Mobile Phones

Viscount Exmouth asked Her Majesty's Government:

    Whether, in light of recent reports relating to the harmful effects of the use of mobile phones, they will instruct that all such devices carry an appropriate health warning.[HL3523]

The Parliamentary Under-Secretary of State, Department of Trade and Industry (Lord Sainsbury of Turville): Advice on exposure to electromagnetic

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fields is given by the National Radiological Protection Board (NRPB). They evaluate published and peer reviewed, sound scientific evidence on which their guidelines for exposure are based. The exposure guidelines at mobile communications frequencies are based on well established thermal effects. Mobile phones in use in the United Kingdom should comply with the guidelines.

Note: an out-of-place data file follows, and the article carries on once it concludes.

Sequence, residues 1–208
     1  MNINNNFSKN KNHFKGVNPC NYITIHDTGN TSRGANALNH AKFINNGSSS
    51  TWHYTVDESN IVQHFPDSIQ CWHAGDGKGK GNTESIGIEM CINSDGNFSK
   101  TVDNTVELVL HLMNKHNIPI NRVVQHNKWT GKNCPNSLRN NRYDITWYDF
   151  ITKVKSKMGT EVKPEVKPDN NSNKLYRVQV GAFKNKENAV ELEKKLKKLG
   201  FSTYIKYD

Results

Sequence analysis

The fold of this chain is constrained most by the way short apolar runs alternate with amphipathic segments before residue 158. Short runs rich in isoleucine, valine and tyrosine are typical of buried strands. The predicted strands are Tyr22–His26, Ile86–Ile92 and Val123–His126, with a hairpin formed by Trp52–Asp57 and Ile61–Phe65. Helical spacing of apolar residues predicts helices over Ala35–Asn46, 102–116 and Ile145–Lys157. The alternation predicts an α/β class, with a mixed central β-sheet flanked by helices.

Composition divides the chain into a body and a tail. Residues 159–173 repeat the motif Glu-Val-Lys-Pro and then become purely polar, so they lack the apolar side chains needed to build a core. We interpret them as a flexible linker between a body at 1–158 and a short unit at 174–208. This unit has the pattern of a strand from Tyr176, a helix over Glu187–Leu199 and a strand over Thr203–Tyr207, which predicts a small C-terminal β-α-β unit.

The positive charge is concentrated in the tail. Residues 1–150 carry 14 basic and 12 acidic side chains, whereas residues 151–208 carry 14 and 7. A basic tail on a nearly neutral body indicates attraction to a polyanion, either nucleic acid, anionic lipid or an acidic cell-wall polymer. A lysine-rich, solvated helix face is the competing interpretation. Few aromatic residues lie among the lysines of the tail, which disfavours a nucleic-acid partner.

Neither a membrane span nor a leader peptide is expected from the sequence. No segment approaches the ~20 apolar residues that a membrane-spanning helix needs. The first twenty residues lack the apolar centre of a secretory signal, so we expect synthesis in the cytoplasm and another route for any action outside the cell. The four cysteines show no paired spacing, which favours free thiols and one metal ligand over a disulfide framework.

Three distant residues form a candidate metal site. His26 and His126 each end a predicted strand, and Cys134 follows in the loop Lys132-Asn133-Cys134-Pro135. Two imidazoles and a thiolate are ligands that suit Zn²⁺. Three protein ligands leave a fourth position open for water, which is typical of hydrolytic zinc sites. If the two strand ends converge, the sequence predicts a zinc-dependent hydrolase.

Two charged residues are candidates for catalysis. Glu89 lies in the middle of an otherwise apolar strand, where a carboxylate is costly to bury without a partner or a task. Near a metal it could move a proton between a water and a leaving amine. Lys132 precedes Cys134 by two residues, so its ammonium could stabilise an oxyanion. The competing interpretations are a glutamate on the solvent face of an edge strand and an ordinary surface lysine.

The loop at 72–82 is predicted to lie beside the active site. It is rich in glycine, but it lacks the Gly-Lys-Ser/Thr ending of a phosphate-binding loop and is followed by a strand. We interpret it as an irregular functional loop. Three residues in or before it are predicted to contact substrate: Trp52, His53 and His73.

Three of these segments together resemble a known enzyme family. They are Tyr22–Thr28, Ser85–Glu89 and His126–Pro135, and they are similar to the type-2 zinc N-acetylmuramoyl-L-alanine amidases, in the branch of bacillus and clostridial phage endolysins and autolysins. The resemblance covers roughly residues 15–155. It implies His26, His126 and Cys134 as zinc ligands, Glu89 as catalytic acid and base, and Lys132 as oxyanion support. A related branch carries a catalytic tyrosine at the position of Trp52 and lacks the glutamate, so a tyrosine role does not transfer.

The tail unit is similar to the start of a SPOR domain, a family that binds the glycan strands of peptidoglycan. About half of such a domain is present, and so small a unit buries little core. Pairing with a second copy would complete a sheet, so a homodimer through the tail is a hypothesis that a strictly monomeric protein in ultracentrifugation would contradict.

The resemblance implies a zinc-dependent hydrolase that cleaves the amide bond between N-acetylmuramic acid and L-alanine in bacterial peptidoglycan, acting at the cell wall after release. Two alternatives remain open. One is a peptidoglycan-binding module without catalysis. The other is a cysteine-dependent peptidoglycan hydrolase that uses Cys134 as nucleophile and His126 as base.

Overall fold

While there has been renewed media interest in this subject, there has been no new evidence recognised by the scientific community on which to base any changes to the guidelines. The NRPB Advisory Group on Non-ionising Radiation continues to review the published literature.

There are no plans to require mobile phones to have a health warning.

Office of Science and Technology

Lord Kennet asked Her Majesty's Government:

    What are their intentions regarding the location of ministerial responsibility for the Office of Science and Technology (presently in the Department of Trade and Industry), and for Foresight activity in general throughout the Government.[HL3545]

Lord Sainsbury of Turville: There are no plans to move the Office of Science and Technology or to change ministerial responsibility for it. There are similarly no plans to change responsibilities for the Foresight Programme, which will continue to be managed by OST and co-ordinated at ministerial level by an interdepartmental group under my chairmanship.